Abundant Living- $12,800

Generating an extra 13 thousand dollars.  Wow, I never thought I’d be brainstorming at this level before starting this exercise.  To read this through from the beginning, check out my initial post on “Abundant Living” here which explains the challenge in detail.  The basics are that every week or so I double the amount spent last time, figure out how I could raise that money, dream about how I would spend that money, and then express gratitude for 3 things currently in my life.

 

This week’s challenge: $12,800.

 

How I’d raise that sum:

Become a 1 car household.  Eliminate the need for a second car.  Resist the urge to replace the car that is dying/just died with a new car.  Any or all of those options will fit the bill!  DH and I have already done this and we will continue to do so until we find it impossible or become millionaires.  Sure, it’s inconvenient sometimes.  We both need the car at the same time some days.  We don’t always work the same schedule.  In fact, we don’t often work the same schedule.  This means that one or both of us must find another activity near work or be willing to walk home while we wait for the other person to come and pick us up once they’re finished.  We have to live relatively close to work and the things we like to do in order to make this work.  We pay a premium on housing to live in the city but save a bundle on the auto.  Here’s how:

 

 

 

photo courtesy of www.honda.com

 

The median price for a new 2009 Honda CRV (our car of choice after many discussions right now) is $25,000.  With sales tax, tags and title that sum could easily be $28,000.   Financed for 4 years at 9% (typical consumer loan rates for new auto loans with average credit in my area) that is a monthly payment of $700 or $8400 annually towards the loan value.

 

Cost of insurance for a newer car would significantly raise our current insurance rates by approximately $150/month because we would need better insurance and would be insuring a second driver (our current vehicle is 7 years old)   The savings totals $1600 annually.

 

Cost of gas would increase with a second car.  The car we desire for our area gets 10 less miles per gallon.  That’s an increased cost of filling the gas tank another 50% each month.  DH often walks when if he doesn’t have access to a second car now.  We also walk together sometimes because we are used to walking alone.  If we got another car, he would certainly drive more and we might stop taking purposeful walks as well.  Additional gas for this car: $100/month (minimum) or $1200 annually.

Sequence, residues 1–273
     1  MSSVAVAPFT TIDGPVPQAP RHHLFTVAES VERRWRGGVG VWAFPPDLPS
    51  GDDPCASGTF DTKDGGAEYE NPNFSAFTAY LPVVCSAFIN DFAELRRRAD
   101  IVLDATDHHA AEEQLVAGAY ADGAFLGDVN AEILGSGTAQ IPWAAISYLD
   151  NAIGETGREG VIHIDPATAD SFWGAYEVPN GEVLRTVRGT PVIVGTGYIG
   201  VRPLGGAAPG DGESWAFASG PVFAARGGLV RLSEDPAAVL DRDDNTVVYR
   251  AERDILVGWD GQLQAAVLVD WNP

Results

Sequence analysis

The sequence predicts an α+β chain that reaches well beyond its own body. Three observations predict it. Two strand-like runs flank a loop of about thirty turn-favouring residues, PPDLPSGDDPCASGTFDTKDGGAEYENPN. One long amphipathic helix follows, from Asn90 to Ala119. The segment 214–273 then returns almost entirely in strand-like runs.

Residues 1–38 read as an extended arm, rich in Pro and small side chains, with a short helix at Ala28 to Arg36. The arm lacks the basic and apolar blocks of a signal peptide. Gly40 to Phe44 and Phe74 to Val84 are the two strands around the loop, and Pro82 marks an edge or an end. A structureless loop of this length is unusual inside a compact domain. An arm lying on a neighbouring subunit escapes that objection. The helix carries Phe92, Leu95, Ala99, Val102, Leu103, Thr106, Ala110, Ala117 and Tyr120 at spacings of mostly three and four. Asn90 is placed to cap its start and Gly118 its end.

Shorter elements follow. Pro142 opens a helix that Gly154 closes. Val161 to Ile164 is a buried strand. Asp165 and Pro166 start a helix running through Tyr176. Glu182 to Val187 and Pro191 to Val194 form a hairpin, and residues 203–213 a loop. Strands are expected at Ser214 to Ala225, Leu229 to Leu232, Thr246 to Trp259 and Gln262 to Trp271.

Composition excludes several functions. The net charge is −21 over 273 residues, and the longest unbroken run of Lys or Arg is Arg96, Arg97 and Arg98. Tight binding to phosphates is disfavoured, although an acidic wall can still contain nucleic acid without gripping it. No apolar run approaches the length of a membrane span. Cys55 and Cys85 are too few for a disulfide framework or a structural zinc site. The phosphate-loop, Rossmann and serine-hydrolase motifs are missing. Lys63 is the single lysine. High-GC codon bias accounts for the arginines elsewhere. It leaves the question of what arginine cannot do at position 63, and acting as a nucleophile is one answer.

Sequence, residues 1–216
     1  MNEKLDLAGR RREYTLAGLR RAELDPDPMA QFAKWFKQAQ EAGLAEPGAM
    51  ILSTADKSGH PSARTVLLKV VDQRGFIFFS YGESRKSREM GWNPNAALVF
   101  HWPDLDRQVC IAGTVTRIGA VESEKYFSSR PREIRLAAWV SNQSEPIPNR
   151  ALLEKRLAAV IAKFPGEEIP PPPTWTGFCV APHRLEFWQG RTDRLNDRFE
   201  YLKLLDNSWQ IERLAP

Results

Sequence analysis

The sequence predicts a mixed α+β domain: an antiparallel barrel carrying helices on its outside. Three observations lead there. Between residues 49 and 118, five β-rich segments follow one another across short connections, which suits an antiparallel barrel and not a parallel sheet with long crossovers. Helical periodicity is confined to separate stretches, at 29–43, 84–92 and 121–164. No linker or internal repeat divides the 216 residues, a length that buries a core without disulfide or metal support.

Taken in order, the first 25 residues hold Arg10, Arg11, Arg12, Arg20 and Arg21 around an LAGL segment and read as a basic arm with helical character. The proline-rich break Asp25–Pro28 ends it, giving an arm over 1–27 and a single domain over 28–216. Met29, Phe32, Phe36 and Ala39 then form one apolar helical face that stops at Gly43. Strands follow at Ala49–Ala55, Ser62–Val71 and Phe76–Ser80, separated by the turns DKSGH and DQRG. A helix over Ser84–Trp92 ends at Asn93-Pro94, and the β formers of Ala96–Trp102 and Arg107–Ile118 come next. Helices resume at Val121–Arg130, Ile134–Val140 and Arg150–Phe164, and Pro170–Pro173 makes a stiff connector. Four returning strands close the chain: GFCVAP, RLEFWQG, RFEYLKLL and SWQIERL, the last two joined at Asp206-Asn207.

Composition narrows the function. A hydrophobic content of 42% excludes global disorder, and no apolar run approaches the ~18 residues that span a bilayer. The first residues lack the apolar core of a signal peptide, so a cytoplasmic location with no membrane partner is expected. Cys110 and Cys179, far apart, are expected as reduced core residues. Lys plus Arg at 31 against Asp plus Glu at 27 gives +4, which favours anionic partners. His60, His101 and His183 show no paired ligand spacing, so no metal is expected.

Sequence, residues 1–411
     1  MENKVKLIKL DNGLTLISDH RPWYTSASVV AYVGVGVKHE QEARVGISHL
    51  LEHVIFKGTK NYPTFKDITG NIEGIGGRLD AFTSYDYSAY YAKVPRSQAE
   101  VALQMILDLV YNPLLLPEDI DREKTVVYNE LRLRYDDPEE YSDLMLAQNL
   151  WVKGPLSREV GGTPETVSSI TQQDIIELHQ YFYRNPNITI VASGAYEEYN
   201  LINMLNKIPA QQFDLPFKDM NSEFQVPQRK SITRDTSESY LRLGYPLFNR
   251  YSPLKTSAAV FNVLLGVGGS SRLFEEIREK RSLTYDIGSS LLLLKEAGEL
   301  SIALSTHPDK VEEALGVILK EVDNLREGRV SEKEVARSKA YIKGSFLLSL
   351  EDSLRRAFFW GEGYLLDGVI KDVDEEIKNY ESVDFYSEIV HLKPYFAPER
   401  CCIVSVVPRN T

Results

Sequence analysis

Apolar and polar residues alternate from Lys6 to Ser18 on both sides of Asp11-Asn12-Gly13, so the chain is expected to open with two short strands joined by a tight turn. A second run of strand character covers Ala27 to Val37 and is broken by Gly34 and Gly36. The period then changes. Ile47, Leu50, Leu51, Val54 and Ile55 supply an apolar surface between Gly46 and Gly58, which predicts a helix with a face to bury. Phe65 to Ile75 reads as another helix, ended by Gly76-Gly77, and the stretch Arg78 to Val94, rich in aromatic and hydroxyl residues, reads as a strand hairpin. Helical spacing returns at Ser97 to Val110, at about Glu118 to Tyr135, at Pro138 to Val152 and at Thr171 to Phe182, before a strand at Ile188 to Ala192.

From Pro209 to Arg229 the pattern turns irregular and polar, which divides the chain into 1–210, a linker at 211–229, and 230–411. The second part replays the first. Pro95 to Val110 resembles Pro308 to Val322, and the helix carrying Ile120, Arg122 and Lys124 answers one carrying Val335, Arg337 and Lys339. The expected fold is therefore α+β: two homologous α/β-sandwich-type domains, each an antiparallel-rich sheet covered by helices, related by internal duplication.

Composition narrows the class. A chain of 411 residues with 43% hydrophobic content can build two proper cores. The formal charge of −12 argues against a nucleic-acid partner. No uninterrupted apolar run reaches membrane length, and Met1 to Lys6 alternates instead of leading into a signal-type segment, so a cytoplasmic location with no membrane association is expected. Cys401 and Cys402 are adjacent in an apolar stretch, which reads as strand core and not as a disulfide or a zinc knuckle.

Oil changes, inspections, monthly cleaning costs and routine maintenance total $600 annually.

 

That’s $11,000.  Typical consumers would probably find an upgrade or two to include such as a warming package (if available in colder regions!), an upgraded cd player or sound system or an upgraded interior for comfort.  These could easily add another $1-2,000 to the cost of the car and increase the costs of maintenance (cleaning, fixing malfunctions, buying more cd’s!) annually!

 

The second car is a HUGE annual expense that we have been able to avoid early on in our marriage.

 

What I’d do with $12,800:

That’s an extra $1100 monthly.  We could certainly afford to upgrade our living status.  A good investment right now might be to seek out a home (which we were doing) and use that money to buy property close to the city to ensure our ability to afford living close to work and play for years to come.  A fun idea would be to begin renting a luxury apartment for $2000/month in our area (current rent plus added money not used for a car) which would allow us to invite friends over to enjoy the downtown amenities, pool, workout room, picnic areas and nightlife!

 

We enjoy renting and have decided we don’t want to live here indefinitely.  We choose to be a bit more boring with that money instead of hassling with a move and spending everything we are saving on present needs.  Instead, we’re investing for our future by opening ROTH IRA accounts at www.scottrade.com.  Maybe it’s a sign but this amount seems to correlate perfectly with the contribution limits for 2009 especially for those age 50 and above:

 

IRA Contribution Limits

Year

AGE 49 & BELOW

AGE 50 & ABOVE

2002-2004

$3,000

$3,500

2005

$4,000

$4,500

2006-2007

$4,000

$5,000

2008

$5,000

$6,000

2009

$5,000

$6,000

2010

Indexed to Inflation

Indexed to Inflation

 

 

Three things I’m thankful for this week:

1)      Two new family members that I was first to meet.  They are such a precious addition and DH and I are looking forward to babysitting them as they grow!

2)      Our shared passion for saving and investing in our future- the security I get from a bountiful bank account blesses my marriage in numerous ways

3)      The abundance of clothing we have.  We have plenty of clothes to stay warm, dress up appropriately, and be comfortable despite getting rid of 3 large hefty bags full of clothes earlier this week in my efforts to downsize.

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